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Picture taken at the event, of the CFS protestors. Courtesy of Jake Lavoie

Activists think it’s time to leave CFS

SOME MEMBERS OF the federated bodies made a bold statement to incoming University of Ottawa students at Fedstock this Saturday. At the concert concluding the week’s events, 101 Week guides pulled off their jackets during a cheer, revealing “Stop CFS” T-shirts underneath. They then chanted “Defed!” to over 2,000 students who were at the event.

 

CFS stands for Canadian Federation of Students—an organization that advocates for students on a provincial and national level. Some of their campaigns include the lobbying for lower tuition fees and more accessible education. The move to join the CFS was decided by U of O students in a referendum in 2008, and membership is paid for through student fees to the Student Federation of the University of Ottawa (SFUO)—$7.50 for full-time students and $3.75 for part-time students per semester.

Although the U of O has been a member for only two academic years, some students already feel that it’s time to separate itself from the CFS.

“Defed is what we believe—some of the students want to defederate from the student federation,” said Jake Lajoie, vp social of the Criminology Students’ Association and third-year 101 Week guide.

Although Lajoie spoke briefly about issues the federated bodies have with the SFUO—including their not allowing federated bodies to defederate from the SFUO after student referendums last year or the lack of press 101 Week got on their website—he said the statement was aimed at the CFS, not the SFUO.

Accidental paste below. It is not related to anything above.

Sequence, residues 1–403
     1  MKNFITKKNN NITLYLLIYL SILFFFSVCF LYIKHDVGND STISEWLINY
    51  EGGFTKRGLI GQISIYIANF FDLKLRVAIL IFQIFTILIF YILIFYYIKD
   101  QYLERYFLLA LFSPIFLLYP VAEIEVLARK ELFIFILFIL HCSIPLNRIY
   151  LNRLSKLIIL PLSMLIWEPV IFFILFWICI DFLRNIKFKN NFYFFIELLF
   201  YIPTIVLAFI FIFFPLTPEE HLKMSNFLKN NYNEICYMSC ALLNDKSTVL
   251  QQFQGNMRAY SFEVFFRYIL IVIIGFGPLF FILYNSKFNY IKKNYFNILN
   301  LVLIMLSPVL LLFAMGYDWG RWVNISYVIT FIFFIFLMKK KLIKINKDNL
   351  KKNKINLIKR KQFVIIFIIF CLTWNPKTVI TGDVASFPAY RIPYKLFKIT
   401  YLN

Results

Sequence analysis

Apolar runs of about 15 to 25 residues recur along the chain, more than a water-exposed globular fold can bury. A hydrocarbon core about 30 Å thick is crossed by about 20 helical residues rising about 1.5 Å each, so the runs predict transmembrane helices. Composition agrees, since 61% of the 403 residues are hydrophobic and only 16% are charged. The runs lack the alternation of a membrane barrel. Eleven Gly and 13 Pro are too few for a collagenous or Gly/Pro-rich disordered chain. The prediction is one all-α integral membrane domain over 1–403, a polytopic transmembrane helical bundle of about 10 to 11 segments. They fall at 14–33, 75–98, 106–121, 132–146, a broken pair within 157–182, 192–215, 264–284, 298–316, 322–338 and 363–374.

“The shirts are not about the SFUO; we didn’t attack the SFUO personally,” he explained. “The CFS is causing a lot of trouble to our school spirit and social activities on our campus, so without them we would do better.  We don’t have a lot of social events because most of our money goes to different things that are not priorities for our campus, our students.”

Fellow guide and fourth-year biomedical student Amy Sigsworth agreed.

“The point we’re trying to make is not that we should be telling [students] what to do, but rather [to] have an open mind and look into the issues yourself,” said Sigsworth, who encountered some backlash over the incident.

“A couple of people were saying that they didn’t like what we did because they don’t like the fact that we’re trying to tell people what to do,” she stated. “That’s totally not the point—the point is challenging what we believe in.”

Sameena Topan, president of the Conflict Studies and Human Rights Student Association and philanthropic coordinator for the SFUO, was one of the students displeased with the protest.

“I feel some representatives of federated bodies picked a poor time to pull a political stunt at an event [that] was meant to unite students across campus and welcome 101ers to our university,” said Topan in an email to the Fulcrum. “There is a time and a place, and that place wasn’t Fedstock.”

Paige Galette, vp communications for the SFUO, said that although the SFUO was in no way involved with the event, she respected the rights of the students to voice their opinions.

“All students have their own opinion, but we do know the facts—that students enjoy being a part of the CFS,” she stated. “I think it’s really important to re-iterate the fact that we do use the services—we are members. Let’s not forget: We did vote ‘yes,’ so there’s nothing much we can do. Let’s just keep on going with the services and using them as efficiently as we can.”

Lajoie disagrees.

“We just want people to ask us questions, to know what’s going on on campus,” he explained. “It’s my personal opinion, so that’s why I did it—I believe that we’d be better off without them.“

 

—Charlotte Bailey